• How to replace your ball joints in about 2 hrs (2wd)

    Have you ever got an estimate from a shop to replace ball joints? If so, then you know this isn't a cheap job. What they don't want you to know is with a small investment in parts and a couple hrs labor, they can make over $500 profit. I changed the ball joints on my 89 2wd cargo van today, and I'm going to show you how it's done. I timed the job from start to finish and took some step by step pics. As many of you know I'm a strong advocate for Genuine Toyota parts, but there are also several parts I don't think make enough difference to justify the additional expense. IMO ball joints are one of the latter. For the record, Toyota part numbers for these are 43350-29076 (uppers) with an MSRP of $38.86 each (84-89 van 2wd) & 43330-29545 (lowers) with an MSRP of $58.20 each. (that's $194.12 for 2 uppers and 2 lowers ). For this job I went to RockAuto.com and purchased the Bech-Arnley replacements for a fraction of the price. The part numbers are #1014056 (uppers) at $12.01 each, & #1014023 (lowers) at $21.79 each. There was also $9.05 in shipping bringing the total to $76.65 for everything . RockAuto.com is quick and shipping typically only takes 2 or 3 days . Okay, before getting started I wanted to point out I did not follow the manual, so you may find some discrepancies (if you reference that). My goal was to do the job as quick and easy as possible, so I took some short cuts. For this write-up, I skipped the part of jacking up and removing the tires. I figured if you can't do that, then you shouldn't be attempting this job either .

    Removing the shock absorbers is step #1, but since that's pretty self explanatory I'll start here:

    After shock has been removed, take out the 4 nuts holding the lower ball joint on & tap the bolts up and out of the way.

    Next take out the cotter pins and remove the castellated nuts from both upper and lower joints.

    You'll need a pickle fork and a BFH (big hammer) for this next part. If you don't have a pickle fork, you should be able to find at most auto parts stores or you could probably rent one. Anyhow, position the pickle fork as shown and start giving it some big whacks. Just be ready to catch it when it comes loose because you don't want your rubber brake line to be damaged by the sudden stress caused by a falling spindle assy. I recommend having a few blocks of wood laying around and some wire for tying it up for support while you work on the next step.

    Now that the steering knuckle is removed from the upper joint and the spindle assy is supported, you can remove the four bolts and remove the upper ball joint.

    Install the new upper ball joint.

    Okay, the way I do this, there's too much stuff in the way to use the pickle fork on the lower joint. When I did the job one side was stuck and needed some help, but the other side was loose and came right out. If you have a stuck lower joint, it's a bit of a problem because with the spindle assy hanging there, there's nothing solid to support it while beating with a hammer. What I did is stacked some 4x4 wood chuncks under the rotor, then used a long drift punch to go through the upper steering knuckle hole and onto the shaft of the lower joint. I applied a little heat to the area around the shaft with my torch (not nearly enough to make it glow), then one good whack and it was off (sorry, no pictures of that part).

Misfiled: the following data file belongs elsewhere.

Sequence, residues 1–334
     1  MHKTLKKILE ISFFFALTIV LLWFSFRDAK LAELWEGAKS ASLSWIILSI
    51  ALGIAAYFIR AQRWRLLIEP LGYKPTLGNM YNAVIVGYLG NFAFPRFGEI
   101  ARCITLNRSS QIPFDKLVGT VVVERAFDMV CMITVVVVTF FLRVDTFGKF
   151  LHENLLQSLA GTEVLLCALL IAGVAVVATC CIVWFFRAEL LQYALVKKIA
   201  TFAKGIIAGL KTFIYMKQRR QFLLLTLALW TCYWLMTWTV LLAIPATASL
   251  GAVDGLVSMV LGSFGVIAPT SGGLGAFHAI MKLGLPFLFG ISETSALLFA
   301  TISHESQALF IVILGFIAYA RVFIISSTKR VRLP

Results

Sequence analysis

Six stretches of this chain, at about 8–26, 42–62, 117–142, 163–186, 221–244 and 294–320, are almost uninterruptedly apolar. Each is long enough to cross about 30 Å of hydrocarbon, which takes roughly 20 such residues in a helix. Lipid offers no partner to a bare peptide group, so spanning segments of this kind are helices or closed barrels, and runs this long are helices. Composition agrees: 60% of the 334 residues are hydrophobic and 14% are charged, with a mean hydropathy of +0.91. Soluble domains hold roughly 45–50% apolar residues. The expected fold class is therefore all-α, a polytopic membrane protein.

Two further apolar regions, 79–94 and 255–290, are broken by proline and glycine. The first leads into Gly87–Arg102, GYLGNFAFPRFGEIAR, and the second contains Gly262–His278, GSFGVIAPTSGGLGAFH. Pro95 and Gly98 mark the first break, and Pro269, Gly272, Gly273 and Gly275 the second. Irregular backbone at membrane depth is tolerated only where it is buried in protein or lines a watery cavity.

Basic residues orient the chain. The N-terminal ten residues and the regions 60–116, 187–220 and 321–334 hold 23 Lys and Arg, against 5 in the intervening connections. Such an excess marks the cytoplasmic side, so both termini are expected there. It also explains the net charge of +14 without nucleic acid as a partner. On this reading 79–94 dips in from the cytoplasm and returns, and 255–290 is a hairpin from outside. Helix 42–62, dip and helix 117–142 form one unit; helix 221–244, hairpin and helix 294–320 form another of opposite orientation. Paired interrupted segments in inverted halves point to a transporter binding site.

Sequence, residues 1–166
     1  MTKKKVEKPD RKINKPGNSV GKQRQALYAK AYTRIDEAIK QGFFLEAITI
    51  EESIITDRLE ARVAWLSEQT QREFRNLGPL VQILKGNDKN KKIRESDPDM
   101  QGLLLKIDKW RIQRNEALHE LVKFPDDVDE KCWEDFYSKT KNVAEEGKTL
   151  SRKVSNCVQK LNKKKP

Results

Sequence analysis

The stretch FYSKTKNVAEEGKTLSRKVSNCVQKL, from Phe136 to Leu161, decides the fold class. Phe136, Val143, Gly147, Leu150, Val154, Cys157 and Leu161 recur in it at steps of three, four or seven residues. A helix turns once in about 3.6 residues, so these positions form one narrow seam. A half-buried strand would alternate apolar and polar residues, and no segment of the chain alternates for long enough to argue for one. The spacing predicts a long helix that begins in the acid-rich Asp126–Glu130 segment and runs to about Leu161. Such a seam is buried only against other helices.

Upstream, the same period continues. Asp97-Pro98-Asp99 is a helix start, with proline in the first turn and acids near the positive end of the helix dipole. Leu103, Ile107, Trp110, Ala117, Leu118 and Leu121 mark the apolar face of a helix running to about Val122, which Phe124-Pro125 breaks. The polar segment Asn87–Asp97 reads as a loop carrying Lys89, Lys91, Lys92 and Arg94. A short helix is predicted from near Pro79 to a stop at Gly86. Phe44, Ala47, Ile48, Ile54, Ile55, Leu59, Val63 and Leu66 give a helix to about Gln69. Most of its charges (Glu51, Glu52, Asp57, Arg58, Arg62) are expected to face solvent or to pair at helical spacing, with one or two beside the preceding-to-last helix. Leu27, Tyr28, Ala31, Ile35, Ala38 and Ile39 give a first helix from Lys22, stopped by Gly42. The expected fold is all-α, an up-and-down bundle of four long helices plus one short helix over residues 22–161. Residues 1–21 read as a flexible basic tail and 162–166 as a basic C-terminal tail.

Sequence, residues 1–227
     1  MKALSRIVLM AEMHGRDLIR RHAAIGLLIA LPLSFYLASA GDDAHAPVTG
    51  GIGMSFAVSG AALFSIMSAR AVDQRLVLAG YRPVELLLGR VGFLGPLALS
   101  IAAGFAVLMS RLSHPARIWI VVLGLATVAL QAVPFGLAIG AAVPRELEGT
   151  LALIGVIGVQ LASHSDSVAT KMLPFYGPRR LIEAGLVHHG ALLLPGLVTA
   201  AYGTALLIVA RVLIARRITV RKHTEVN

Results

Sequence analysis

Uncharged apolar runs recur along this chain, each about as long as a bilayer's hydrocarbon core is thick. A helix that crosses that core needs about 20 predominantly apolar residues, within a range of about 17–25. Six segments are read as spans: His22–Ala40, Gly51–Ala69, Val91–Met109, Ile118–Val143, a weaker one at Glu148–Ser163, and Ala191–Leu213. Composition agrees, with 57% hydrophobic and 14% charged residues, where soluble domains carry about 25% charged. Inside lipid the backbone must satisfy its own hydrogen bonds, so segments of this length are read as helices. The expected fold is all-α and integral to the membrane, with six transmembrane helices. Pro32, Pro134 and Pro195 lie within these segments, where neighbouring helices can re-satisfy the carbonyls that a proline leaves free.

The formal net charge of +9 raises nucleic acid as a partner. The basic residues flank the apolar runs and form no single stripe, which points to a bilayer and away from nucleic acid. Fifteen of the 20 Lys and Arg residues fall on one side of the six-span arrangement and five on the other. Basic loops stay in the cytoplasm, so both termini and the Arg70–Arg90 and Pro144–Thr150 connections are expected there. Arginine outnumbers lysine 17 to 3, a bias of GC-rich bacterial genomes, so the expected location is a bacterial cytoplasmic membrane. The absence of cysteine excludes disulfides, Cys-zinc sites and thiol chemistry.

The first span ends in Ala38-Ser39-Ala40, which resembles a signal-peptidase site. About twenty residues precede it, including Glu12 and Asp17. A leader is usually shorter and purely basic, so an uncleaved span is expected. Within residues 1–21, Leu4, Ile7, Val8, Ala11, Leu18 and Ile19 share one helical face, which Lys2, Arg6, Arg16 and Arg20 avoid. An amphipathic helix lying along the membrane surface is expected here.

Okay, here's the next step. Install the shaft of the new lower joint into the spindle assy and snug up the nut until the joint shaft seats on the tapered bore.

    Position the shaft of the upper joint so the angle lines up with the angle of the bore in the knuckle. Lift the spindle assy up and insert the upper joint shaft into the bore. Have the nut ready and start it on the threads to support the spindle assy.

    Now grab your ratchet and snug the nut until the shaft is seated against the tapered bore.

    Okay, this next part can be a little fun. You'll need a large slot tip screwdriver to pry against the side of the joint in an attempt to align the bolt holes with the bolts. With a little bit of prying and pushing you'll get it close enough to push the outboard bolts through the holes.

    Now put the washers and nuts on them and snug them up (not too tight, you may still need to adjust).

    Now that the outboard nuts are on, use a jack under the lower control arm to lift until another bolt drops through. You should only need to move the lower arm about 1/2". If the bolt doesn't drop by then, stop and tap it from the top until it drops through the hole. When enough threads are there, start the nut / washer and tighten until the other side is close enough to put do the same. Tighten the nuts a little at a time switching from side to side to keep the pressure even.

    There it is, almost done!

    Put the final torque on all the nuts & install the cotter keys.

    Grease the zerks (only needs about 5 or 6 pumps each) Note: lower joints have no zerks

    Now the only thing left is to reinstall your shocks, put the tires back on, and take it off the jack stands. Don't forget to torque lugs to 100 ft lbs and set your tire pressure according to tire manufacturer's recommendations. Remember anytime this type of front suspension work is done it's strongly recommended to have an alignment done ASAP. So be sure to set up a front end alignment and you shouldn't drive your van unless you're driving it straight to the alignment place. Tim